ALS: So, perhaps as a wing back?

JR: He’s got a lot of attributes that would suit that role, bombs up and down, decent in the air, scores goals, and he learned a lot from last season. Denver as well is probably more suited to wing back as he’s still learning the game defensively but going forward is probably his biggest strength.

 

ALS: So, up front, Marc McNulty. Did you notice him as a young lad at Livingston?

JR: Yes. I was aware of him from a young age, so, yes, I’ve known of him since he first came through at Livingston. He’s had good moves in England and I looked hard at him in January when we lost Josh, but he’d not been playing a lot and I wasn’t sure how long he’d need to get up to speed. I kept a close eye on how he was doing at Hibs and he did well up there. What I expected to be honest, cos he’s a good player. With just Charlie and Will as out and out strikers, we were looking for somebody a wee bit different. His movement’s good, he’s a proper striker, and he’s got a wee bit about him, he’s just scored a hat-trick in a practice game against Hartlepool, he’ll back himself, he’s come to this club to do well. You need that attitude to come here.

 

ALS: I think as a striker you have to be confident, a bit cocky, even.

JR: Yes, but in a good way. He’s a brilliant boy. If you speak to him for ALS you’ll like him, he’s a very likeable boy, and he’s already thriving on the expectation. He knows he’s come to a club where the demands are there, but he’d rather have that than go somewhere for an easy ride.

 

ALS: We’ve had a few more Scottish players in, as well as your coaching staff, and over the years, the Scots seem to settle in the North East better than down south.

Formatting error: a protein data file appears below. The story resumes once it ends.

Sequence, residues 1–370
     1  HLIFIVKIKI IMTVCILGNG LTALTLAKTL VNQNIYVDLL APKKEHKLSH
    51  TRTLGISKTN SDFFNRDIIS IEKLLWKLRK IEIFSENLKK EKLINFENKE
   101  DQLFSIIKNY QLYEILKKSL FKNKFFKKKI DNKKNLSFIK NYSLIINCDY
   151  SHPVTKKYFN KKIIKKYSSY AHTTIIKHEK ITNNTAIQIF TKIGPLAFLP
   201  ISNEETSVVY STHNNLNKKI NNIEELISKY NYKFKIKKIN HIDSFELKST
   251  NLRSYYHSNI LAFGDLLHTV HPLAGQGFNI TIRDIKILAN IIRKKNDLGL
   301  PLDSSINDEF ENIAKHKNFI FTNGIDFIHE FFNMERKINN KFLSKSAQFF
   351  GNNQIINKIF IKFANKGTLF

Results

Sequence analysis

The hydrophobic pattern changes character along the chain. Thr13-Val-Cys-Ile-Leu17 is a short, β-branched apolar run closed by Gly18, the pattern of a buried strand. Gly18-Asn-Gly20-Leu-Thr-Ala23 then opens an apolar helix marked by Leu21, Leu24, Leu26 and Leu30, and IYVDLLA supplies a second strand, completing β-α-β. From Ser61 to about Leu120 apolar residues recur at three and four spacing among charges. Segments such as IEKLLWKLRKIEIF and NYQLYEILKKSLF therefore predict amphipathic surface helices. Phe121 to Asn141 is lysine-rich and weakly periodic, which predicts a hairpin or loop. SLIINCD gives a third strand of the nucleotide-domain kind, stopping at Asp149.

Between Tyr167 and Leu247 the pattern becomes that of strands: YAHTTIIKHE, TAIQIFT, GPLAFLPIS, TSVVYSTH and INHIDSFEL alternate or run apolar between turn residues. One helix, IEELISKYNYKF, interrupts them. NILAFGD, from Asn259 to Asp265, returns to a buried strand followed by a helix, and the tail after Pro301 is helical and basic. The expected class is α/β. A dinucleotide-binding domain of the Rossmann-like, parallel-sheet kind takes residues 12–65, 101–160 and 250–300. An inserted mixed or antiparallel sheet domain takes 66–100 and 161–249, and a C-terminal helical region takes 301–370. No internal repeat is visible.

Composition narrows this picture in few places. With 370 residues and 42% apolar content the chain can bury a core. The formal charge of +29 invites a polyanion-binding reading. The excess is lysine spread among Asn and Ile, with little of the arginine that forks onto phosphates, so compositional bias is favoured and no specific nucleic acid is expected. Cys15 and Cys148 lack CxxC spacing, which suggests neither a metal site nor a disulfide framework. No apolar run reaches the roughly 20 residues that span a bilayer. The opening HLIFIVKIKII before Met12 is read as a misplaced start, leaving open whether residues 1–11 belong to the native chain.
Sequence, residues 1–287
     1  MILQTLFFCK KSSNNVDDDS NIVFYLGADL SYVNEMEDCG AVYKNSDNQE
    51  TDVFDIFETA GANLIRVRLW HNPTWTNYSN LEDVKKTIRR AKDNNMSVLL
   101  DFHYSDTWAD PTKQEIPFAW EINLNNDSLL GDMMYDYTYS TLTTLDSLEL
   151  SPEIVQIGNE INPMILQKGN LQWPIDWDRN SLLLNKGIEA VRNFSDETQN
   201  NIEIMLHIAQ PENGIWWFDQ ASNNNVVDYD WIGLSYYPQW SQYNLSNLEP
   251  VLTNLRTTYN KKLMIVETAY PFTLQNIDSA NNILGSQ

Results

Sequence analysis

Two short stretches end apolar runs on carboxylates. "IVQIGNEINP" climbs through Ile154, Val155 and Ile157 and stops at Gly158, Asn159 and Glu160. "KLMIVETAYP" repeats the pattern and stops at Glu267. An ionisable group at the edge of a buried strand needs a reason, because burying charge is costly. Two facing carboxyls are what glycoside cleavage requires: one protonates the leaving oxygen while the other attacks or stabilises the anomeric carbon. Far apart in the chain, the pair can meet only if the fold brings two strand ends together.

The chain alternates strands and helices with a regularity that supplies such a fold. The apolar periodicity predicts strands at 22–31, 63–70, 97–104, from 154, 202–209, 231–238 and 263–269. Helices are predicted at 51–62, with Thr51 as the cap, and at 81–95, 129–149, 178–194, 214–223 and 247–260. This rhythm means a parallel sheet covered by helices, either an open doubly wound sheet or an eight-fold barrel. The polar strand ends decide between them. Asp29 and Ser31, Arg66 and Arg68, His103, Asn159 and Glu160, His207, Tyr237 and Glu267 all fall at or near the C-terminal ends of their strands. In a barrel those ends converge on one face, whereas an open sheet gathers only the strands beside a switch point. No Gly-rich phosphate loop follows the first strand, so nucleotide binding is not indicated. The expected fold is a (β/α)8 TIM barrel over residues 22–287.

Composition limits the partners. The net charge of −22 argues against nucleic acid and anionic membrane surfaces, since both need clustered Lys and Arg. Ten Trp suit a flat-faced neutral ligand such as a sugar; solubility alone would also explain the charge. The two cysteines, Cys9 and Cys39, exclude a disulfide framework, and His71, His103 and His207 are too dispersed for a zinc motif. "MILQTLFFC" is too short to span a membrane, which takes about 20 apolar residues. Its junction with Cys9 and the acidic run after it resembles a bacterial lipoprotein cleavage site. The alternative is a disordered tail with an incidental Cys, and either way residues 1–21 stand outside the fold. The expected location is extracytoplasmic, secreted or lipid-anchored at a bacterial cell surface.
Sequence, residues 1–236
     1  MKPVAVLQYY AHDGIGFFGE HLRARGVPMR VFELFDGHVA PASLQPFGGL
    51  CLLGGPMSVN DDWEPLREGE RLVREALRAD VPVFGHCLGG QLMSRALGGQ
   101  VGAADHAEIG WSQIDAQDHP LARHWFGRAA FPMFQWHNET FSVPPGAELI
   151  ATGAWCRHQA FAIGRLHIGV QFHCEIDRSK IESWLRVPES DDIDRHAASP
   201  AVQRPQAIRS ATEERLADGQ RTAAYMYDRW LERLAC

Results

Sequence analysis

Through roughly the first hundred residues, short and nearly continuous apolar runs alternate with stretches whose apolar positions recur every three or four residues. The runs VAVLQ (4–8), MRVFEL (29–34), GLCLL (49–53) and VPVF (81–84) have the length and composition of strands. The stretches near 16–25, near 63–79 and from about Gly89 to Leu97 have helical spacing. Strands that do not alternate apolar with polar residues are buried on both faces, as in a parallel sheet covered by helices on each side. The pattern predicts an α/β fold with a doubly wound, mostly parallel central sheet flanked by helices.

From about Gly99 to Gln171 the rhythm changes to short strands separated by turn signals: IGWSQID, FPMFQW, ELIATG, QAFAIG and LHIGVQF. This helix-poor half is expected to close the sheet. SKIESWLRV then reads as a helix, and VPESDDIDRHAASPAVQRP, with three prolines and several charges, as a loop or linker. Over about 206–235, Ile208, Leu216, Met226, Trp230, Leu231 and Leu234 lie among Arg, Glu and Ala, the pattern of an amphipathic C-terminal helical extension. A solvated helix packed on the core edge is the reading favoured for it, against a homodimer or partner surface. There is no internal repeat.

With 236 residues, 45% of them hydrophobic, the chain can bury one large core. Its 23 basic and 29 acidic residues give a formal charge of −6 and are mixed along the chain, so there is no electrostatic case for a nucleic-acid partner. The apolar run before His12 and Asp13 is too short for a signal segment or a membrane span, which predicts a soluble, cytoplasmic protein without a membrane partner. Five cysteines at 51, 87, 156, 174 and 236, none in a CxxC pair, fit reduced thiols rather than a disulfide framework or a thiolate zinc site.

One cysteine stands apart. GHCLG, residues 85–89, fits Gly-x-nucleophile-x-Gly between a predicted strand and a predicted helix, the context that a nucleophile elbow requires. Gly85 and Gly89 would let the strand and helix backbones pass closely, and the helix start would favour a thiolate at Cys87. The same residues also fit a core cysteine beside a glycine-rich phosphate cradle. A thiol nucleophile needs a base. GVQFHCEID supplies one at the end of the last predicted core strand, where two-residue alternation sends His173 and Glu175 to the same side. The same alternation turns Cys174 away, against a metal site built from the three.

JR: Traditionally, he club’s had a strong Scottish connection, and Irish, probably because of the similarities in culture with people from this area. From a personal point of view, I love living in the North East, I’ve found it really enjoyable, and I think the Scottish players do tend to fit in quicker. Geographically it’s not that far away and they find similarities with the people who work at the club.

 

ALS: Talking of Scots, Dylan McGeouch is somebody I really liked last year, but for one reason or another didn’t get a real run in the side. He stuck around when he could have gone. What are your thoughts on him?

JR: I brought him to the club, so I obviously want him to be a success, not from an ego point of view, but because he’s come down from Scotland to show he’s a good player. I think he did it in little spots last season, but there’s difference between English and Scottish football, particularly the league we’re in at the moment, with games coming thick and fast and physically it’s different, so it was an adjustment for him. In the conversations I’ve had with him, I’ve said I wanted him to stay here because, you’re right, he is a good player, so we need to encourage him and he’s had a great pre-season. He’s done every session, every minute of every session, he’s been brilliant, and in games he’s been good. The only thing I can say to him is that he’ll get an opportunity, so it’s up to him to take it and be consistent in his performances. I’ve no doubt he’s got the ability to do it, so it’s about being as positive as he can in possession. He can do the forward passes as well as the neat and tidy stuff, and he’s in a good place at the moment, so I’m hoping that from the start of the season he kicks on with that.

 

ALS: At Sunderland I’m guessing that with Netflix, the local press, fan media and social media, press wise, it’s been a lot more intense than in previous jobs.